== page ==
(This article by Per Holman clearly illustrates the vast birding potential within reach of Cape Town. - Ed.)
On Thursday I got a message from a fellow Norwegian, Tommy Pedersen, that he was flying into Cape Town on Friday. Tommy is an air captain with The Emirates and is based in Dubai. We met up briefly for a few drinks on Friday night in order to discuss what he was interested in seeing. Cape Rockjumper came up as a huge request, so I figured that Rooi-Els would be a good spot. Tommy has been several times to SA before, but this was the first time with a camera. I thought we should try and rack up as many endemics as possible.
I picked Tommy up at 6AM this morning and after a brief refueling of the car and the body, we headed straight for Rooi-Els.
At Rooi/Els we picked up all the usual endemics pretty quickly: Southern Double-collared Sunbird, Orange-breasted Sunbird, Cape Sugarbird, Grey-backed Cisticola, Cape Grassbird, Cape Bulbul and Karoo Prinia. We heard 3 Victorin`s Warblers, but could not get one out. We walked for a while without any traces of the Rockjumpers. On the way back, Tommy quickly spotted a family consisting of a Male, Female and juvenile. They got very close to us and allowed Tommy to get some brilliant pictures. We also heard another Victorin´s Warbler and this time we where lucky to get good views (no pictures) of one. A bird I seldom see at Rooi-Els is Cape Siskin and today we were lucky and got a brief glimpse of one. Heading back to the car, I was scanning the buildings for Cape Rock-Thrush and we soon found 3 of them.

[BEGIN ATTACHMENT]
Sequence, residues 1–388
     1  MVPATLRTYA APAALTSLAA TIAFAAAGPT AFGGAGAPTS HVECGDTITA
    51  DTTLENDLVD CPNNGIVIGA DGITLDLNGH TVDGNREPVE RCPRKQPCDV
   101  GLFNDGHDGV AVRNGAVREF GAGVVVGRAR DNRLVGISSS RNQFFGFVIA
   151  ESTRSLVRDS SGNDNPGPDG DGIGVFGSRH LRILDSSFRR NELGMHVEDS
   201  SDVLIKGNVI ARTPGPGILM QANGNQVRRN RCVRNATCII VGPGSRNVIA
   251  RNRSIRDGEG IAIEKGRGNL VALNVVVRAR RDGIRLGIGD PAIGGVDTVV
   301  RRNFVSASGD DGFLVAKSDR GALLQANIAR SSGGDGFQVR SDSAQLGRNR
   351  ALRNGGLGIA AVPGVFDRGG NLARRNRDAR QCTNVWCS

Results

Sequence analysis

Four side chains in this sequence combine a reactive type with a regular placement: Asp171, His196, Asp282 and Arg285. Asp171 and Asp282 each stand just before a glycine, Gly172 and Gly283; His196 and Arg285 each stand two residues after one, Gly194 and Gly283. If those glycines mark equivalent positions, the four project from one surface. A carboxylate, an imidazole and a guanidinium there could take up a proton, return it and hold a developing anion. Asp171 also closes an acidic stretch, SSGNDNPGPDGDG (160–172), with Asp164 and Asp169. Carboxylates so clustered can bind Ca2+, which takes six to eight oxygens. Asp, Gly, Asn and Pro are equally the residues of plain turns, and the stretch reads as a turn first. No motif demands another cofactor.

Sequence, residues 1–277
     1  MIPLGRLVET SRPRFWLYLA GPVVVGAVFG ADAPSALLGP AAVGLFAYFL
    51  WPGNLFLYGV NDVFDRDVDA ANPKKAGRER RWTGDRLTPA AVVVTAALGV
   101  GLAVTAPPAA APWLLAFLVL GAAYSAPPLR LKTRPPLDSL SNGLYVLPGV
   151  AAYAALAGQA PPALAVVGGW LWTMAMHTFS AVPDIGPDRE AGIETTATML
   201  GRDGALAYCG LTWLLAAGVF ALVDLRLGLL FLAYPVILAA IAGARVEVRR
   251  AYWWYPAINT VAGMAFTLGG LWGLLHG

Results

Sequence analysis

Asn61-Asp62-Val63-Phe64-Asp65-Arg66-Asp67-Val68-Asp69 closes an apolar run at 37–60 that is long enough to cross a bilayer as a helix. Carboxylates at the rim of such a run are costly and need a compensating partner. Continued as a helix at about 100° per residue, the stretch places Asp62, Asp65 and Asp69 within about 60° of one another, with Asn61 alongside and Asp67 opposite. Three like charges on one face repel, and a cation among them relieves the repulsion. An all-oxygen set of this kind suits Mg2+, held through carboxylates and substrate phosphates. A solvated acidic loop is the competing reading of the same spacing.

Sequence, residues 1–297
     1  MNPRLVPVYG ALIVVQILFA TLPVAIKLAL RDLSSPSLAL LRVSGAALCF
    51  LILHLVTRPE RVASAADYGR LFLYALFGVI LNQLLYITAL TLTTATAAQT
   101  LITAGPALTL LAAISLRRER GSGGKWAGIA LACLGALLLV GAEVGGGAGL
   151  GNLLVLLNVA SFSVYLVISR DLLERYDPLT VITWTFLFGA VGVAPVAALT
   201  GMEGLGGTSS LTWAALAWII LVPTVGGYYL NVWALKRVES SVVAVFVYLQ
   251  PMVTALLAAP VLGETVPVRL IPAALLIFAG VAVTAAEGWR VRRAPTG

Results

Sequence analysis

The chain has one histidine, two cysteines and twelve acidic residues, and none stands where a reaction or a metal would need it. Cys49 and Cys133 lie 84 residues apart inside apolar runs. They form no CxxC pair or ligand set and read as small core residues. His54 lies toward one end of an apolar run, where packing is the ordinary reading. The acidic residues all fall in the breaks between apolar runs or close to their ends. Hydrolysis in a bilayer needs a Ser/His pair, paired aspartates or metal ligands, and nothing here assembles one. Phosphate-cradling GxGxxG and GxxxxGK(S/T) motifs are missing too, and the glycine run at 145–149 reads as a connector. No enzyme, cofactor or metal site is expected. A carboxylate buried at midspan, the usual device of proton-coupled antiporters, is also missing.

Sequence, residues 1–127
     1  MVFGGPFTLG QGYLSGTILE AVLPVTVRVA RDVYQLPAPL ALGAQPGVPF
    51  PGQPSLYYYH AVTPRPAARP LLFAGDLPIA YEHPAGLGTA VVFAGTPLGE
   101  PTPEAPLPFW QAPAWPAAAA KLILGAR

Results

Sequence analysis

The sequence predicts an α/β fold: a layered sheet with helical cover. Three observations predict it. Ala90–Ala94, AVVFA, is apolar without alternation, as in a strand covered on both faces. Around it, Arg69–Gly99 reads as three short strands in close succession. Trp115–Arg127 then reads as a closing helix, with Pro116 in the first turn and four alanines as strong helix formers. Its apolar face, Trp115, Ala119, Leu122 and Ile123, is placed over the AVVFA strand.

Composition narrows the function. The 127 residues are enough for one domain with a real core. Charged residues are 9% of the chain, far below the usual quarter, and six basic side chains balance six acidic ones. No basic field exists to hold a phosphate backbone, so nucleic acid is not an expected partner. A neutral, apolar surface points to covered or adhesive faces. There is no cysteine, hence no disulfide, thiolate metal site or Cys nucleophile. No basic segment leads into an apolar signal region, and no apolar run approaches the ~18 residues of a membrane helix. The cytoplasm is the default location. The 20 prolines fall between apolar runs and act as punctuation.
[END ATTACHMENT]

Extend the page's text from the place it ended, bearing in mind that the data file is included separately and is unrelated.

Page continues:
11 endemic birds in a little more than 2 hours is actually not bad. We dipped on Ground Woodpecker and Sentinel Rock-Thrush though. We did not see the Verreaux´s Eagles, but had other birds like Yellow Bishop, Neddicky, White-necked Raven, Rock Bunting, Alpine and African Black Swifts, Rock Martin and Rock Kestrel added to our list.
Tommy was flying back today, so he had to be back at the hotel by 12:30. He said he also wanted pictures of Hartlaub´s Gull! We still had some time on our hand after we finished at Rooi-Els, so I decided to head for Maccassar Sewage Works. We soon added a few more endemics: Hartlaub´s Gull, Cape Teal, Cape Spurfowl, Cape Weaver and Cape Sparrow. This brought the endemic list for the day to 16 species. Other birds at Maccassar included: Kittlitz´s Plover, Little Stints, White-fronted Plovers, Common Ringed Plover and Common Greenshanks.
With still some time on our hand, I decided to check out the Phillippi temporary wetlands. On the way past Strandfontein, I asked Tommy about Maccoa Duck. He told me that he had been looking for that, but had not seen it. I decided to take a slight detour towards Strandfontein. On the pan to the left of the entrance amongst hundreds of Cape Teals, we picked up no less than 7 Maccoa Ducks and also the same number of Black-necked Grebes.
The Phillippi Wetlands were a disappointment, since there were no water there at all.
I dropped Tommy off at the hotel at exactly 12:30, and he was a very happy camper.
Many of these endemics are very common for us living here in Cape Town, but all of them are of interest for visiting birders. With the limited time at hand, I think 16 endemic birds was quite good for a half a day birding trip from Cape Town?